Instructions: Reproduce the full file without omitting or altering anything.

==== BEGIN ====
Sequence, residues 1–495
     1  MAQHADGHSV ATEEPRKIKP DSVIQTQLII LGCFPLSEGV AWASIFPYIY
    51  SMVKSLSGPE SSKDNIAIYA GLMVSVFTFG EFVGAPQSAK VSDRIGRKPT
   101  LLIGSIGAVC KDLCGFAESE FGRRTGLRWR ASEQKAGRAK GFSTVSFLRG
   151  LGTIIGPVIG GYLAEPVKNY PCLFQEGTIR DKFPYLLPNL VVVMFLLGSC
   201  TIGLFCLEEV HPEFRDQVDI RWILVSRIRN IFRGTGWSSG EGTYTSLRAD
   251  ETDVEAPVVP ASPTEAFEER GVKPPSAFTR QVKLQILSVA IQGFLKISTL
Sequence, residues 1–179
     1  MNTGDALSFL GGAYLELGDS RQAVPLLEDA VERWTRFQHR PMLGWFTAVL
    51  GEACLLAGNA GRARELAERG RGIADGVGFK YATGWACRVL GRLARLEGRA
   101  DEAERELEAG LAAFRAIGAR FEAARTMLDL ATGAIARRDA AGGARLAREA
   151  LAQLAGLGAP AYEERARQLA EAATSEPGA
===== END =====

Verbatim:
Sequence, residues 1–495
     1  MAQHADGHSV ATEEPRKIKP DSVIQTQLII LGCFPLSEGV AWASIFPYIY
    51  SMVKSLSGPE SSKDNIAIYA GLMVSVFTFG EFVGAPQSAK VSDRIGRKPT
   101  LLIGSIGAVC KDLCGFAESE FGRRTGLRWR ASEQKAGRAK GFSTVSFLRG
   151  LGTIIGPVIG GYLAEPVKNY PCLFQEGTIR DKFPYLLPNL VVVMFLLGSC
   201  TIGLFCLEEV HPEFRDQVDI RWILVSRIRN IFRGTGWSSG EGTYTSLRAD
   251  ETDVEAPVVP ASPTEAFEER GVKPPSAFTR QVKLQILSVA IQGFLKISTL
Sequence, residues 1–179
     1  MNTGDALSFL GGAYLELGDS RQAVPLLEDA VERWTRFQHR PMLGWFTAVL
    51  GEACLLAGNA GRARELAERG RGIADGVGFK YATGWACRVL GRLARLEGRA
   101  DEAERELEAG LAAFRAIGAR FEAARTMLDL ATGAIARRDA AGGARLAREA
   151  LAQLAGLGAP AYEERARQLA EAATSEPGA